In 2017, a 40-year chamber music tradition ended when Brentano String Quartet and Daedalus Quartet performed the final concert sponsored by Newtown Friends of Music (NFOM) the afternoon of Sunday, October 15. Since 1978, NFOM had presented more than 200 live, world-class classical music ensembles on the stage of Edmond Town Hall.

This year also saw the end of an era for Kat Holick, who did her final shifts directing traffic at local schools on September 29. “Newtown’s Smiling Traffic Agent” had made the difficult decision a few months earlier that it was time to hang up her safety vest and hat, and go back to work with her husband. Ms Holick had been directing traffic into and out of Newtown High School (mornings and afternoons), Hawley School (mornings), and St Rose of Lima School (afternoons) for four years.

Later in the year, with perfect weather overhead, Newtown Parks & Recreation held its first Fall Carnival, October 20 to 22, at Fairfield Hills. Roughly 3,000 to 4,500 people attended the event, according to ticket sales, although many attended just to visit food trucks, which did not require the purchase of entry tickets. Funds raised benefited the Parks Gift Fund. Parks & Rec Assistant Director of Recreation RoseAnn Reggiano told The Newtown Bee that people she spoke to during the carnival were already asking about plans to hold a carnival again in 2018. It was the second successful festival for Parks & Rec, which had hosted a Food Truck Festival in June, in conjunction with the Chamber of Commerce and NYA Sports & Fitness Center. Food fanatics of all ages piled into Fairfield Hills for the deep-fried, greasy, and downright cholesterol-raising but, yes, tastebud-tingling event, despite downpours throughout the afternoon.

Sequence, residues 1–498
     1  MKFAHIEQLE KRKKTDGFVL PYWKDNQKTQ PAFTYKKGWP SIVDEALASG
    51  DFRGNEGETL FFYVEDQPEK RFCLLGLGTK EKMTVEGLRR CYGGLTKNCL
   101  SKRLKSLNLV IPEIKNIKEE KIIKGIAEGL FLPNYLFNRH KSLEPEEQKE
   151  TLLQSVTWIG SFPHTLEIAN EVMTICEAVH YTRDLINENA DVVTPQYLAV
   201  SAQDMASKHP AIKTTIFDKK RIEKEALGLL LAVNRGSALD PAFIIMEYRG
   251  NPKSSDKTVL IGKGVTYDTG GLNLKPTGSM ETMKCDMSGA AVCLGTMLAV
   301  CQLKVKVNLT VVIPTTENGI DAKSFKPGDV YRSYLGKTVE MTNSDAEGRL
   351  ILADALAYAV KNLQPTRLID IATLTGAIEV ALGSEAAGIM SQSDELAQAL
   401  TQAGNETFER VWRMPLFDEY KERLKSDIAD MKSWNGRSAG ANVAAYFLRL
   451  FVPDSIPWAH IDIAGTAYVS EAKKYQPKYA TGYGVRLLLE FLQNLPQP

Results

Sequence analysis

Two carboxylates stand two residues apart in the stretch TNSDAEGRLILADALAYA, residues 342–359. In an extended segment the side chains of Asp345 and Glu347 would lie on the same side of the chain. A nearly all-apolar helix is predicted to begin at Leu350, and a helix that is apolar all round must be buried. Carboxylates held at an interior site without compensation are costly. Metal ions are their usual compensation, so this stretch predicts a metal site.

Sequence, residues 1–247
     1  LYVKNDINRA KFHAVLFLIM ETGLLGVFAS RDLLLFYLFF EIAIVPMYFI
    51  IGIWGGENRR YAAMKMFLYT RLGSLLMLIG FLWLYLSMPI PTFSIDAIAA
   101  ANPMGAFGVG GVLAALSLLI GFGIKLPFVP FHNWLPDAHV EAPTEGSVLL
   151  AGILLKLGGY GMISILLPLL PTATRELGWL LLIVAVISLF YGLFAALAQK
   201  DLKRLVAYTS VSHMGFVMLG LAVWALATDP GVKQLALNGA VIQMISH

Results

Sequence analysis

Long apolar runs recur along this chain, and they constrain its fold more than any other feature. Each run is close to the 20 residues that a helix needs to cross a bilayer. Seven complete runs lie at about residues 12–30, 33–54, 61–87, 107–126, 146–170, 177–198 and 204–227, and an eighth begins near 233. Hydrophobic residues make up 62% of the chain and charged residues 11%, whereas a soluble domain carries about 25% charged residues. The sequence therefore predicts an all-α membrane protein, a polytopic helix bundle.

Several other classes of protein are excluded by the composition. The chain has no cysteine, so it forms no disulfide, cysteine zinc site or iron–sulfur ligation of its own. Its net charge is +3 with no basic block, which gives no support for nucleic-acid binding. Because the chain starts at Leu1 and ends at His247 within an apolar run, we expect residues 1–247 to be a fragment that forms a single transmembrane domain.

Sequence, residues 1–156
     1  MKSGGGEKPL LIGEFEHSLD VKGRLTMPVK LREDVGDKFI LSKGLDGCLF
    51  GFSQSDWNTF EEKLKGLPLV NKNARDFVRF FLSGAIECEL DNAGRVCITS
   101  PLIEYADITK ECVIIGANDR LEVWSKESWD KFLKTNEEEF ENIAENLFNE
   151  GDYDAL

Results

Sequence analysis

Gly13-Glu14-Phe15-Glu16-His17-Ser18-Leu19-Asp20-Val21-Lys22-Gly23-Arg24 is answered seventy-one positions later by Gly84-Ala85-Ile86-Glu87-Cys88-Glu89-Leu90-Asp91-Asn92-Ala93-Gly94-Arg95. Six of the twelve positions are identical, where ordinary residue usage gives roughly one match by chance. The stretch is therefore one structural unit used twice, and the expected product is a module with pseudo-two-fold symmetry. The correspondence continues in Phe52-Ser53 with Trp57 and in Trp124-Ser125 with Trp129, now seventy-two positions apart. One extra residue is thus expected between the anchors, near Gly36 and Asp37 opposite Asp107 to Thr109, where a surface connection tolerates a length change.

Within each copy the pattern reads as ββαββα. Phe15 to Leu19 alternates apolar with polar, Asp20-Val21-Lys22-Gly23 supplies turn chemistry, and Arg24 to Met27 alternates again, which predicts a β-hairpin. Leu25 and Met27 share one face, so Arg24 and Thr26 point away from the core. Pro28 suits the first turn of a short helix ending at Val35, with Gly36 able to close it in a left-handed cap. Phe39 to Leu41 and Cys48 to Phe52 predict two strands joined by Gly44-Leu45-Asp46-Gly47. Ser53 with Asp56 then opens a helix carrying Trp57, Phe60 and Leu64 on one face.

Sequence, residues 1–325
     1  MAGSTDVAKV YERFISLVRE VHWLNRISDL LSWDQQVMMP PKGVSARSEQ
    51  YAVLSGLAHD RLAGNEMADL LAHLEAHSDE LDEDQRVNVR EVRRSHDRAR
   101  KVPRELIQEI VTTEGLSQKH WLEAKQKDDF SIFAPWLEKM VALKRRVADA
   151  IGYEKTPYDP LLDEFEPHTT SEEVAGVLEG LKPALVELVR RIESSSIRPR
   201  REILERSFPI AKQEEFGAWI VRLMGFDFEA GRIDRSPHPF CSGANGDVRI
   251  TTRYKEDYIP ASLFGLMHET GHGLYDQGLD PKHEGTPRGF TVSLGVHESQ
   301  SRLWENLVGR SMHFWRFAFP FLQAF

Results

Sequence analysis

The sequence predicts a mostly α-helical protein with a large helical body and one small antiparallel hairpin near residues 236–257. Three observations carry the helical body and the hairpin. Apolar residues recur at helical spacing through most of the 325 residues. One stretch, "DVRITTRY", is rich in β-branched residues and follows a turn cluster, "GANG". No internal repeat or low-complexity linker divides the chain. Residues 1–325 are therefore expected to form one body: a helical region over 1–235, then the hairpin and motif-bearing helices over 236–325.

The Newtown Youth & Family Services Holiday Festival lent a cheerful air to the first Sunday in December, as it does each year. Various other organizations made the entire weekend a joyful one, with 2017 winding down to its final days.

With that, 2017 comes to a close and welcomes all to look forward to what the next year will bring.

Newtown Bee Associate Editor Shannon Hicks contributed to this story.